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History & Happenings, the Great Lakes Tattoo Blog. Sharing news, events and fascinating tidbits on Chicago Tattoo History.  

Chicago Dime Museum Tattooer: Sailor Gus by Carmen Nyssen


Among Chicago’s turn of the century tattooers making their mark behind the façade of the city’s grand dime museums was Swedish-born Carl Augustus Fransen (1871-1919). Sailor Gus Franso, as he was also known, settled in the Windy City around May of 1902, first taking a spot in the popular Congress Museum and Penny Amusement Parlor at 344 State Street.  In this setting—plying his needle alongside a menagerie of “freak show” performers—he earned a fair living and built-up a solid reputation locally. As the New York Clipper reported, in June, the museum was experiencing an upswing in business, and their resident tattooer Sailor Gus was making “quite an impression” on patrons with his handiwork.

Like most museum attractions, Gus made the rounds on the show and dime museum circuit, though he stayed nearby. By July of 1903, after a short stint with Frank’s Big Fair Show in Valapraiso, Indiana and probably other venues, he had set-up in one of Chicago’s most illustrious and longstanding establishments, George Middleton’s Clark Street Museum, at 150 South Clark Street. Originally opened in 1883 by Middleton and his partner Charles E. Kohl, the museum was a sought-out locale for attractions, and provided a lucrative platform for tattooer and tattooed attraction alike.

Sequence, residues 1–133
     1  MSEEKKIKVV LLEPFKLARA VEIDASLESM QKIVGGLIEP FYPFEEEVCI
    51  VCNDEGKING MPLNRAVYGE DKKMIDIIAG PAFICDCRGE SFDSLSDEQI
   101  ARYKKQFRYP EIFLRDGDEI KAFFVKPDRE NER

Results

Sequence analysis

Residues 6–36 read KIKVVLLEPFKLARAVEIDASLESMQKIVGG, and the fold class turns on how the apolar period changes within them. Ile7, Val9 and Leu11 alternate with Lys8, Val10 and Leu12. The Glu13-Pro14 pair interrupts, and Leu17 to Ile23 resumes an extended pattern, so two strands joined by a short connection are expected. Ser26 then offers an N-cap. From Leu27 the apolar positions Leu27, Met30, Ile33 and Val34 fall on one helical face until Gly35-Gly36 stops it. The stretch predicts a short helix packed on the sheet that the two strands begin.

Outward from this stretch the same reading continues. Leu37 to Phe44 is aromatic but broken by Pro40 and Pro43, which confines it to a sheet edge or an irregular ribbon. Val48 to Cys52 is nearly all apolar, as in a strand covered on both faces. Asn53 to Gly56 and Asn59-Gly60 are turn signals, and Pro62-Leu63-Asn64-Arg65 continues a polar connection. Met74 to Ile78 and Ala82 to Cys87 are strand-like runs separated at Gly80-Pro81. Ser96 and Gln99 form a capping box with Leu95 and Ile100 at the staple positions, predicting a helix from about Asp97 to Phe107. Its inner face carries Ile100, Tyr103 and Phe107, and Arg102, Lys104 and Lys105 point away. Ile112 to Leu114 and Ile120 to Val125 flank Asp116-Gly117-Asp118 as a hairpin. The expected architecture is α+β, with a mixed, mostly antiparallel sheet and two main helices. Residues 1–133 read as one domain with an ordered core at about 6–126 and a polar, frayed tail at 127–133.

Having been covered from torso-to-toe in tattoo designs himself, Ol’ Gus was no stranger to displaying his body for curious audiences. In fact, in Chicago, he had made such a name in town the Inter-Ocean Sun published a feature on him, in 1906, and described not only his prowess with an electric tattoo machine, but also his personal “pictorial gallery” of “full rigged vessels, mountain scenery,” and so forth. According to the article, the “West Side” tattooer had made a decent living for a number of years both exhibiting his tattoo covered hide and tattooing people from all walks of life, and he had left a respectable legacy in the city. In Gus’ four, or so, years there, he had etched a good deal of tattoo work upon Chicagoans. As he told the newspaper interviewer, “There’s more men carrying around designs I’ve tattooed on ‘em in Chicago than you’d have any idea of…”

Although Sailor Gus became a recognizable figure in Chicago tattooing during his brief stay, his itinerant nature inevitably took over and he moved on in search of the next enticing tattoo center. After leaving, in 1907, he spent ample time in Portland, Oregon; then Salt Lake City, Utah; and finally made his way down the coast to San Pedro and San Diego, California, where he lived out his last days.

To read more about tattoo history make sure to check out Carmen Nyssen and Rich Hardy’s blog  and their Instagram @buzzworthy_tattoo_history.


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